Home sweet home

Pretty Digital - Wednesday, August 13, 2014

Here at Arid Recovery, it’s pretty quiet during the day - you could almost be excused for thinking that we don’t have any animals inside the Reserve!  However, at night time the Reserve is alive with a range of critters darting across dunes and foraging through foliage.

Many of the animals that live in the arid zone are nocturnal. This means that they sleep during the day and are active during the night when the weather is much cooler. It is often mammal species that are nocturnal; however reptiles and amphibians may also become more active at night during the warmer months.

So now that we know the animals are only seen at night, where do they go during the day?

Each of our re-introduced species has a unique home that they can retire to after a long night. These homes keep the animals safe and cosy, and can house one or a large number of critters, depending on the animal and its home.

  • The Greater Stick-nest Rat builds its home out of sticks (above). The nest is generally built around a bush and can be over 1 metre in height. Sticks and branches are dragged to the site in the rat’s mouth, with larger branches gnawed down to a manageable size and added to the nest. The sleeping sites within the nest contain soft vegetation and grass, with tunnels built from the outside to reach these points. 
  • Burrowing Bettongs construct a burrow in deep loam or sandy areas, and are the only member of the macropod family to shelter underground. The burrows often form warrens, which have multiple entrances. The floor of the warren is lined with vegetation to create nests for sleeping. Complex warren systems can have 11 or 12 entrances. One warren system found on Barrow Island had 120 entrances with about 60 bettongs living in it!  
  • Bilbies are powerful diggers, constructing a spiralling burrow which may be 3 metres long and up to 1.8 metres deep. The entrance to a bilby burrow is often under a small shrub and at Arid Recovery is usually left open. At other locations bilbies often backfill their burrow entrance, possibly to protect it from predators or to regulate the burrow temperature. Bilbies frequently dig new burrows and occasionally return to their old ones.
  • The Western Barred Bandicoot (WBB) shelters during the daylight hours in a nest. It digs a shallow hollow in the ground, usually under a low shrub and fills the hollow with sticks and leaves. A single entrance and exit point is disguised from predators using leaves, and the WBB will make a quick exit if disturbed by predators. Some WBB’s will use the same nest repeatedly over the course of the week, while others will move to a new nest each night. If caught out in the open a bandicoot will use another animal’s burrows to shelter in until the threat has gone away.

Many other animals are known to live underground at Arid Recovery, including sand goannas, scorpions, spiders and the incredible Trilling frog.

Museum Madness

Pretty Digital - Wednesday, August 13, 2014

The South Australian Museum carefully wrapped specimens and put exhibits in boxes as they headed on the road for the last of their ‘Out of the Glass Case’ roadshow for the year 2013. Roxby Downs was the final destination for the travelling roadshow, and how lucky we were to have these special visitors.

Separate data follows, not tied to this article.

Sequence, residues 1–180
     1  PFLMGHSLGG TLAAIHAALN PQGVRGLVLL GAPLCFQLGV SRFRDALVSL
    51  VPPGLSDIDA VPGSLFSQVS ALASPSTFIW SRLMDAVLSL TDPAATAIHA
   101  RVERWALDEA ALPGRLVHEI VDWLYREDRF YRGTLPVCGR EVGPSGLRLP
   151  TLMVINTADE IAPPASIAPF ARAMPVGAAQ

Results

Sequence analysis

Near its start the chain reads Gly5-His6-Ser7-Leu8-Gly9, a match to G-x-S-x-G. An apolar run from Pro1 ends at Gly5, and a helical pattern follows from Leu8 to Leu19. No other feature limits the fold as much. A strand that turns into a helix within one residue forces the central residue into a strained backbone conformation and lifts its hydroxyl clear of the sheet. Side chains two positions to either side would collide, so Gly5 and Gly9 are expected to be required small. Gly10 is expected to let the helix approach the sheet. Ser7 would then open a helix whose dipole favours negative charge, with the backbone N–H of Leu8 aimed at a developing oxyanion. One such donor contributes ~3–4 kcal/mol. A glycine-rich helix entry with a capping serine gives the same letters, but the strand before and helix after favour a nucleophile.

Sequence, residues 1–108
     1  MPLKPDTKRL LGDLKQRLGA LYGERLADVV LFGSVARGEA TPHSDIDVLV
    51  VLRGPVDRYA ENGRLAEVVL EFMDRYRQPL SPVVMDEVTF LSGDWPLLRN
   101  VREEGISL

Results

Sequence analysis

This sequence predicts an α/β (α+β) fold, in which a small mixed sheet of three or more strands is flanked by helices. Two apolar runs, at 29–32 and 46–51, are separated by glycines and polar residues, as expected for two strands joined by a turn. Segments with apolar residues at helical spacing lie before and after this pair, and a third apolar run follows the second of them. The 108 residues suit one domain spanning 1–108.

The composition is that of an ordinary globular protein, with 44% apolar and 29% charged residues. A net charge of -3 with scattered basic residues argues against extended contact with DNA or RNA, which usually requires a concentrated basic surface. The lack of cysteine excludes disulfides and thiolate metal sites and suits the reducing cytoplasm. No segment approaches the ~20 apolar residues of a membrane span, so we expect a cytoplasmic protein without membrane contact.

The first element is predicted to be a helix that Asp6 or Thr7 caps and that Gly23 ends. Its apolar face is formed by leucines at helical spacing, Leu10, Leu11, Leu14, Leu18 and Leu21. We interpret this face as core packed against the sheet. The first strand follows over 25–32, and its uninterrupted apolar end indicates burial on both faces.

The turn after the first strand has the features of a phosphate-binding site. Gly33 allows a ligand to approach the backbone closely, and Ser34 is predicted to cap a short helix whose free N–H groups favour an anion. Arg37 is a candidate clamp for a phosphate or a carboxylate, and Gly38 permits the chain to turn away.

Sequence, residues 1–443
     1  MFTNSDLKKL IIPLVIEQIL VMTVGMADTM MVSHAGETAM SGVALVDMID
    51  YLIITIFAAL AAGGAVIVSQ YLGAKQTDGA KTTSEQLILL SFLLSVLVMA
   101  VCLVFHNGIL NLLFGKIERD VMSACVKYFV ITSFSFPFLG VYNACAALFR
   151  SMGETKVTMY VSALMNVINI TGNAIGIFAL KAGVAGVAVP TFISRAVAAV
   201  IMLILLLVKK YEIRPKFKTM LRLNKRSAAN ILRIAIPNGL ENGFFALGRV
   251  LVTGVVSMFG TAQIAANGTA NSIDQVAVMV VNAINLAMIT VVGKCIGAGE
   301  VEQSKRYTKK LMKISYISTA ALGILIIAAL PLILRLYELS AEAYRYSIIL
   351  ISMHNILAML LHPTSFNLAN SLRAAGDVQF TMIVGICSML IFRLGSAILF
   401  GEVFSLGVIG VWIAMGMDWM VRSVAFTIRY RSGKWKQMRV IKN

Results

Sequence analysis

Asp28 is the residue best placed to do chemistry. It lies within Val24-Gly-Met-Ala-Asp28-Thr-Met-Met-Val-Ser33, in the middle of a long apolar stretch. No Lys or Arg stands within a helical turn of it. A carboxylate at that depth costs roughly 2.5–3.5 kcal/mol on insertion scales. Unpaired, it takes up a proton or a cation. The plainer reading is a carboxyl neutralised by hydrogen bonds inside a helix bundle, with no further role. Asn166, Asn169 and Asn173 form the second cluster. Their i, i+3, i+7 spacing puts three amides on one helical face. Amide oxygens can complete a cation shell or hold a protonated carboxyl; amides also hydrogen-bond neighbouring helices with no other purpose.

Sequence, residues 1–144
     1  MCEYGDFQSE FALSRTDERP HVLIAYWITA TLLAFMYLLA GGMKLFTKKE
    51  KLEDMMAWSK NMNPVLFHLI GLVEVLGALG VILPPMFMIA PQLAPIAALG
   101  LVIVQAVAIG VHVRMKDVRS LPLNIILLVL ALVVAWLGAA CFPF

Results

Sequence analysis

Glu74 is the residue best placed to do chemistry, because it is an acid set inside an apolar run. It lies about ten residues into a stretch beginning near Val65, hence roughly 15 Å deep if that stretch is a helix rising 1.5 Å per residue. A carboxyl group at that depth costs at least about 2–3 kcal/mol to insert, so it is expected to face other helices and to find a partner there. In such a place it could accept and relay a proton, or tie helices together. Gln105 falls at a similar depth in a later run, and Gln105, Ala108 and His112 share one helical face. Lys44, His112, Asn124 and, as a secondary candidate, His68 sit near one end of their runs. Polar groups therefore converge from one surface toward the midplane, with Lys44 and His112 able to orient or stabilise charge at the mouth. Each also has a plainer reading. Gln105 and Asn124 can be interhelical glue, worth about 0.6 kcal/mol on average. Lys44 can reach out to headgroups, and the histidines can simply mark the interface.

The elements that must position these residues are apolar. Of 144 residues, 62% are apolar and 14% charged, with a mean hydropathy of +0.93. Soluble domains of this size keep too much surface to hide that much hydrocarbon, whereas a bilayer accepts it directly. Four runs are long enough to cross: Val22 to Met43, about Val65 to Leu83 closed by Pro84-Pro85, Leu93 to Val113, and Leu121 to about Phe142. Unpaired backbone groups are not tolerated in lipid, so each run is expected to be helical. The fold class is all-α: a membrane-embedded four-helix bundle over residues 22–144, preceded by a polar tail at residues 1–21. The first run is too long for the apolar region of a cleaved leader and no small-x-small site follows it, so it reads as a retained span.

Bringing with them a range of staff with expert knowledge on all areas including birds, spiders, fossils, and geology, the Roxby Downs community was treated to a night of discovery and wonder as the Area School library doors opened to the public for a Twilight Event. Arid Recovery was fortunate to be invited to participate in the Twilight Event, which enabled community members to see educational displays and participate in hands-on learning in a fun environment.

A regular at expos and events, Arid Recovery’s skins and skulls display proved again to be a hit, with many bidding scientists amazed at how light weight an emu’s skull is and how small a cat’s head must be! Visitors to the stall also had the opportunity to touch a range of furs, and distinguished between native and introduced animals by looking at the patterns and colourations on the animal’s coat.

The Arid Recovery office pet, Bruce the juvenile bearded dragon also came along for the evening. Bruce was extremely popular with the children, and his presence made every small child want to share their story about how they saw a lizard in their backyard in Roxby!

Local kids examine the skins and skulls display 

“Opportunities like the Community Twilight Event don’t come by Roxby Downs very often. It was fantastic to see so many members of the local community embracing the evening and bringing the kids down to learn something new and exciting,” explained Anni Walsh, Education and Community Officer. “Visiting these educational displays encourages children to use their imagination, and open their eyes to appreciate the natural wonders of our world.”

Highlights of the evening included blowing into the conical shell ‘trumpet’, witnessing fossils found in the Flinders Ranges region billions of years ago, seeing the egg castings of baby trap door spiders, touching a 10 foot python and of course the 'emu news' puppet show!

If you want to find out more about educational opportunities at Arid Recovery email education@aridrecovery.org.au


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Arid recovery is a conservation initiative supported by:
adelaide university